Micah Richards’ Manchester City exploits fail to secure England spot

The rampaging forays of Micah Richards are just as integral to Manchester City’s aesthetic as David Silva’s deft close control or an acclimatised Edin Dzeko’s attacking dominance. Richards charged up Manchester United’s right hand side before cutting back for Sergio Aguero to tuck away City’s third in Sunday’s emphatic 6-1 victory. He has already chalked up four assists this season, is earning rave reviews, but is struggling to establish himself at international level despite a dearth of suitable candidates at right-back.

Richards received a call up for the recent European Championship qualifier in Montenegro but opportunities have been few and far between in recent years, as a succession of players tried and failed to establish themselves as first choice right-back. Fabio Capello appears to favour both Chris Smalling and Phil Jones, despite neither player occupying the role on a regular basis. There are certain stylistic similarities between the three that must also make his continued omission all the more confusing. Smalling’s lack of experience in the role was cruelly exposed by Mario Balotelli on Sunday and Phil Jones struggled when he was introduced in the second half. In contrast, Richards dealt with the threat of Ashley Young comfortably and dominated the right flank. A casual observer would view Richards’ international inclusion as a no brainer.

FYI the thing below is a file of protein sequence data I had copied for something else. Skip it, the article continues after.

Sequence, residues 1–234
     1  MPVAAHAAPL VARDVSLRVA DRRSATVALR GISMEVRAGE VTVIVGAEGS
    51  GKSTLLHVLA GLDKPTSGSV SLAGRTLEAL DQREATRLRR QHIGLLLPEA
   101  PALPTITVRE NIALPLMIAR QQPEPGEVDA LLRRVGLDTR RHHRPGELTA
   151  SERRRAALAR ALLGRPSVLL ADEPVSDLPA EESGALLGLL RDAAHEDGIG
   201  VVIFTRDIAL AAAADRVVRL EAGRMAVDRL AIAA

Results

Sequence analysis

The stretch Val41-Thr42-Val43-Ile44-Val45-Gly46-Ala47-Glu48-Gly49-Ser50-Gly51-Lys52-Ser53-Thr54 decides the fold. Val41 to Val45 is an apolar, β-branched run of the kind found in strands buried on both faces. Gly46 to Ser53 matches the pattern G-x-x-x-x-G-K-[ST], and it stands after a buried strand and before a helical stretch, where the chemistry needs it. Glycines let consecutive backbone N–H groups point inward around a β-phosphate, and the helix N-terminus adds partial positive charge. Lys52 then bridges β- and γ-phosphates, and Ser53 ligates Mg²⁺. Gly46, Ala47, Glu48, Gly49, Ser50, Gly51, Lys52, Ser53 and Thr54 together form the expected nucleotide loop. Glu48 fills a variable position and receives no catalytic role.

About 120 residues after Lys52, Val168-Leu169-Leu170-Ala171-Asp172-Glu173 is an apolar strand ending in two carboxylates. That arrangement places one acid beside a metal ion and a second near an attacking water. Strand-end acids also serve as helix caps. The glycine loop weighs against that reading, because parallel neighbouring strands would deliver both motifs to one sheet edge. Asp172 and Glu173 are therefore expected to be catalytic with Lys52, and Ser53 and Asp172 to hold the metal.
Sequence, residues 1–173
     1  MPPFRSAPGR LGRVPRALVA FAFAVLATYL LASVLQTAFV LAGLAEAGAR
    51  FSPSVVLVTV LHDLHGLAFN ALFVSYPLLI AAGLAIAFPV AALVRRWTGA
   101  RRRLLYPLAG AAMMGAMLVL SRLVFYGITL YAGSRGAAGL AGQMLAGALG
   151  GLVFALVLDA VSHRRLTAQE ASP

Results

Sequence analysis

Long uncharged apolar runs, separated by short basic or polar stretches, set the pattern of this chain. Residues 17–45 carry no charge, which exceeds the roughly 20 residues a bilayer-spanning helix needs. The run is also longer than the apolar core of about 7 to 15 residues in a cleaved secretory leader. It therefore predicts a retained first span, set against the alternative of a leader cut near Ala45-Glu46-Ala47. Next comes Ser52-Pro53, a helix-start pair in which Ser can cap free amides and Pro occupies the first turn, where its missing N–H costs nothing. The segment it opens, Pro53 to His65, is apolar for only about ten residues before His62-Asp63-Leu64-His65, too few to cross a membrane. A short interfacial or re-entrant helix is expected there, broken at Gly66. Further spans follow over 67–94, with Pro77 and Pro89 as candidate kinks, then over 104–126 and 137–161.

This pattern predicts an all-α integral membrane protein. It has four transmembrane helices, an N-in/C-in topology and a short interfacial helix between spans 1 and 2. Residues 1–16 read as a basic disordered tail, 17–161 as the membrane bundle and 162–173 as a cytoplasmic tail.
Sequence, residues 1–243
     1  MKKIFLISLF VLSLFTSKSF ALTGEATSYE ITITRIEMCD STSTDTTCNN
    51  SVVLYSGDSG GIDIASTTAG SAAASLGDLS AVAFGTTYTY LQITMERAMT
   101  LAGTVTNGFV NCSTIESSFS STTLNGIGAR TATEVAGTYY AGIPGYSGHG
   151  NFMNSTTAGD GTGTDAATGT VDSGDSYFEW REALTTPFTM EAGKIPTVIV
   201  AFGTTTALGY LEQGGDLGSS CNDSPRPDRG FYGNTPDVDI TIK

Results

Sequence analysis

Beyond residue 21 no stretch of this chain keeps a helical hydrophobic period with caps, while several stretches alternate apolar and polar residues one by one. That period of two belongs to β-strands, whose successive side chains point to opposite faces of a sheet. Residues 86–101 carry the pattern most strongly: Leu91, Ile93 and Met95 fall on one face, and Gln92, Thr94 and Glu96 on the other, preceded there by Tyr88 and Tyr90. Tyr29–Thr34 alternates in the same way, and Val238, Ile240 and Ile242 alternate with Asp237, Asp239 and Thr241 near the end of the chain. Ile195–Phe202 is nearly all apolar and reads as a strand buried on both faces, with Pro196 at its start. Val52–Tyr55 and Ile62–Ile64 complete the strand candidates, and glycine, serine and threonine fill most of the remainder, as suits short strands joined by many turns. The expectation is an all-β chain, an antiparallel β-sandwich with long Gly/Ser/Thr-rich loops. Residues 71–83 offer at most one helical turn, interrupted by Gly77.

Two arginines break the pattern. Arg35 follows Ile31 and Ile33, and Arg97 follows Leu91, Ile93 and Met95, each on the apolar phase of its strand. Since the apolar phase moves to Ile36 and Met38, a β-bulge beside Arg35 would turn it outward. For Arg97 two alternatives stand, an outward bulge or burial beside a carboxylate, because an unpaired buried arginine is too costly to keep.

The player exudes self-confidence and recently claimed that: “When I’m fit I feel as good as anyone, not just in the Premier League or Europe, but in the world.” He also appears at a loss to explain why he is regularly overlooked at international level: “I’ve not had any contact [with Capello]. I am scratching my head, thinking what do I need to do? I just want to know what I have to do to get in there.”

Last year, Roberto Mancini praised Richards publicly, but his praise was underpinned by constructive criticism that appears to address the underlying issue regarding his perceived weakness. At the time Mancini noted: “Micah is part of my plans. He’s played here for four or five years and I think that he must improve. He has everything to do his job, but sometimes his concentration lets him down. Sometimes, his body is on the pitch, but his head is not. But I think that if we work on him, he will improve.”

Richards has improved this area of his game but the claim is still frequently recycled. It is also believed that Capello frowns upon his inability to follow instruction, an accusation also levelled at Theo Walcott and one that is believed to have cost the Arsenal winger his place at the 2010 World Cup. Capello cannot afford to have two players with the same perceived deficiency operating in tandem on the same side of the pitch. As a consequence Richards is finding it difficult to add to his 12 international caps.

Rotated with Pablo Zabaleta, as are Gael Clichy and Aleksandar Kolarov on the left, Micah Richards is one of the few players left at Manchester City that has progressed through their academy. Holding his own at a club that can now acquire the world’s finest talents, his international frustrations appear set to continue while Fabio Capello remains in situ.

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